Chrysler & Ford Expand Takata Airbag Recall, NHTSA Grumbles

December 4, 2014

In the past 24 hours, Chrysler and Ford have expanded existing recalls of vehicles equipped with Takata airbags -- airbags that, under certain conditions, can explode and kill the people they were meant to protect. 

Will these expanded recalls make Americans safer? Will they alleviate confusion and allay concerns? Will they appease the National Highway Traffic Safety Administration, the agency tasked with regulating the whole process?

We can't answer the first two questions with any certainty. However, Auto News reports that NHTSA is unhappy with Chrysler's recall -- even though the agency seems unwilling to take meaningful action to enforce its demands.


The Takata airbag recall has been a disaster. There's no other word for it.

The fiasco began with a series of recalls to replace faulty passenger-side airbags. More recently, there have been calls to fix driver-side airbags. And in the U.S., the entire process has been further complicated by a regional system of recalls that's left many Americans confused, angry, and worried for their safety. 

We thought that things couldn't get any worse, but this week, they did just that.

  • Takata refused to comply with NHTSA's demand that the parts-maker declare its driver-side airbags faulty, regardless of humidity conditions. 
  • Automakers dug in their heels, refusing to launch nationwide recalls of Takata airbags.
  • Like Nero, NHTSA continued fiddling while chaos spread, stopping every so often to make vague threats of fines, but refusing to order nationwide recalls for some of Takata's fatally flawed airbags.


Here's what's happened over the past day:

Chrysler has expanded its recall to replace passenger-side airbags. In a press release, the automaker says that it will now cover Ram 1500, 2500, and 3500 pickups from the 2003 model-year that were "sold or ever registered in Alabama, Florida, Georgia, Hawaii, Louisiana, Mississippi, Texas and the U.S. territories of American Samoa, Guam, Puerto Rico, Saipan, and the Virgin Islands".

(The 2003 Ram 1500 was already included in the airbag recall, but the scope had been limited to Florida, Hawaii, Puerto Rico and the U.S. Virgin Islands. The 2003-model 2500 and 3500 are entirely new additions.)

The expansion affects some 149,150 vehicle owners in the U.S., who should receive notification of the recall by mail around January 19, 2015. Those who have questions in the meantime are encouraged to contact Ram customer service at 800-853-1403.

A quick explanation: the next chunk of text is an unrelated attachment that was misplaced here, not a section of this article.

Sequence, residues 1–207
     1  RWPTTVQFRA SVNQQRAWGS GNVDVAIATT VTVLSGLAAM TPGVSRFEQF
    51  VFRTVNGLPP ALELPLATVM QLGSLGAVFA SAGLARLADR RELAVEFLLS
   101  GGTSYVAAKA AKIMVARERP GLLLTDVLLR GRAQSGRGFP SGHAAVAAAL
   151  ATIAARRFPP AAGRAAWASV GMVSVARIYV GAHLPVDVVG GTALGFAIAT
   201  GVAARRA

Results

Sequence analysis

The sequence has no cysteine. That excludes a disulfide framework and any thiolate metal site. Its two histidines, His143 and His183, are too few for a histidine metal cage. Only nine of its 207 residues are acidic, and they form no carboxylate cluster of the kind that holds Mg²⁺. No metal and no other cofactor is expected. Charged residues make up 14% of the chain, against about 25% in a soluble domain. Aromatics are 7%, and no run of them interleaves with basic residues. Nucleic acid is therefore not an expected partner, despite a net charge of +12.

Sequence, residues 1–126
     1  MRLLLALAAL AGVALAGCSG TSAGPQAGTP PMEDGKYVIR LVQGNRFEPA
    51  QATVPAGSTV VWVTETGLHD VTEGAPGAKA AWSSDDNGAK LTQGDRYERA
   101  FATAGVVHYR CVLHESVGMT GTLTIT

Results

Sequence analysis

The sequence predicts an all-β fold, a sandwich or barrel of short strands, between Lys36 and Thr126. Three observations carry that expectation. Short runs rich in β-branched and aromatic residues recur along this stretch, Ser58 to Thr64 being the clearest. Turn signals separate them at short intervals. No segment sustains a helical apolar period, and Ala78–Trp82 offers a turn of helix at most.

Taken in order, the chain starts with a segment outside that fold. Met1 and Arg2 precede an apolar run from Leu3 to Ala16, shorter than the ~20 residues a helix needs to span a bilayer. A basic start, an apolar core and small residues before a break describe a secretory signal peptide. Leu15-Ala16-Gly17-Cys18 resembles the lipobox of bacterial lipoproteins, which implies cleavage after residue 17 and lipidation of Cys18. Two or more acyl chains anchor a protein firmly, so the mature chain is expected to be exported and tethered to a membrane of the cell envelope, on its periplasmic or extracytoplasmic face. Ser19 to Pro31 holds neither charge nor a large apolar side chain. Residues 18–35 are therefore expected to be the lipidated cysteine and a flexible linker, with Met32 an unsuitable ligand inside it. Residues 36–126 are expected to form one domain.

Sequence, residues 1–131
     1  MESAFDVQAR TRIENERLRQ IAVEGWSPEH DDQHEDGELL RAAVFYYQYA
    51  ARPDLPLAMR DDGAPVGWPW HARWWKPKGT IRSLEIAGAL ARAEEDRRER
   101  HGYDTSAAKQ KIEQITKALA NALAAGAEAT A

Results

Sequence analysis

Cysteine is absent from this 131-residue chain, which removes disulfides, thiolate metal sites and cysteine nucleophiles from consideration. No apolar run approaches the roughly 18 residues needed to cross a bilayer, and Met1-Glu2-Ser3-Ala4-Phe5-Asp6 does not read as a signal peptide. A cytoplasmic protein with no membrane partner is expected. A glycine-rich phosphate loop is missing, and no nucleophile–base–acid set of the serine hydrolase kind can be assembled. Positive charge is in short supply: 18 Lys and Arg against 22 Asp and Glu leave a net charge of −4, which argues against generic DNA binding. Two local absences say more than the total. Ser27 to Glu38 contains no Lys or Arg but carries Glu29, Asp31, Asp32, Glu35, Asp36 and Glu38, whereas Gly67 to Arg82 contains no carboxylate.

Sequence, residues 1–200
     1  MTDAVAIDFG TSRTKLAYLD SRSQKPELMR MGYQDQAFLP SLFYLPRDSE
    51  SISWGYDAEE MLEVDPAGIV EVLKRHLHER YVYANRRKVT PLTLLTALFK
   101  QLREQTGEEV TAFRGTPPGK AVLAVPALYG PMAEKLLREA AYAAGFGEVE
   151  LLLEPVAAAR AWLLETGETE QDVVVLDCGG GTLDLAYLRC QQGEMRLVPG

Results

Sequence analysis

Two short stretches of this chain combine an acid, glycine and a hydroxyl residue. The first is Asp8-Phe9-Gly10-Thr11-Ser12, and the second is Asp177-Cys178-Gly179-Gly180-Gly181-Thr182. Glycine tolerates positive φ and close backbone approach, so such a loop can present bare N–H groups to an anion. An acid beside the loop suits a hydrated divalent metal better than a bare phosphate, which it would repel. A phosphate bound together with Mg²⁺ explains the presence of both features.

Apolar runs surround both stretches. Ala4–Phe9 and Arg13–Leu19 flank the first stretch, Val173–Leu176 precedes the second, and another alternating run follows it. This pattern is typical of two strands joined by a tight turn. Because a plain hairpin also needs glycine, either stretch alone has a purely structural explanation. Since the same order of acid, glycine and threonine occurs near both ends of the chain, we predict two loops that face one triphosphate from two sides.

Ford has expanded its recall to replace passenger-side airbags. The recall expansion affects:

    • 2004-2005 Ford Ranger pickups built at Ford's Edison Assembly Plant between August 12, 2003 and March 1, 2004
    • 2004-2005 Ford Ranger pickups built at Ford's Twin Cities Assembly Plant between May 21, 2003 and May 4, 2005
    • 2005-2006 Ford GT models built at Ford's Wixom Assembly Plant between February 11, 2005 and January 30, 2006

Those models were already included in Ford's airbag recall, but as with Chrysler, the initial scope of the recall was limited to Florida, Hawaii, Puerto Rico and the U.S. Virgin Islands. According to Ford, the expansion "adds certain zip codes with high absolute humidity conditions in Georgia, Alabama, Mississippi, Louisiana, Texas, Guam, Saipan and American Samoa, per NHTSA’s request". 

The expansion adds about 13,000 vehicles to Ford's U.S. recall roster. That brings the total number of recalled Ford vehicles to 98,000, 38,500 of which are registered in the U.S.


NHTSA hasn't issued any statements on Ford's recall expansion, but the agency has officially criticized Chrysler's enlarged recall as "insufficient".

NHTSA's problem stems from the fact that Chrysler used a number of different airbag systems from Takata in the early part of this century, but the only one included in the company's expanded recall is the one used on the Ram. NHTSA had wanted Chrysler to include the 2007-2008 Chrysler Aspen, 2005-2008 Chrysler 300, 2005-2008 Dodge Dakota, and 2004-2008 Dodge Durango, too. (Some of those vehicles have already been recalled, but only within a very limited geographic area. Others would be new to Chrysler's recall list.)

NHTSA hasn't said what sort of penalty, if any, Chrysler might face for refusing its request.  


As we suggested yesterday, if you're fortunate enough to have received a recall notice related to Takata's flawed airbags, we encourage you to have your vehicle repaired immediately. If not, watch this space: we have an unpleasant feeling that the situation is going to get much worse before it gets better.


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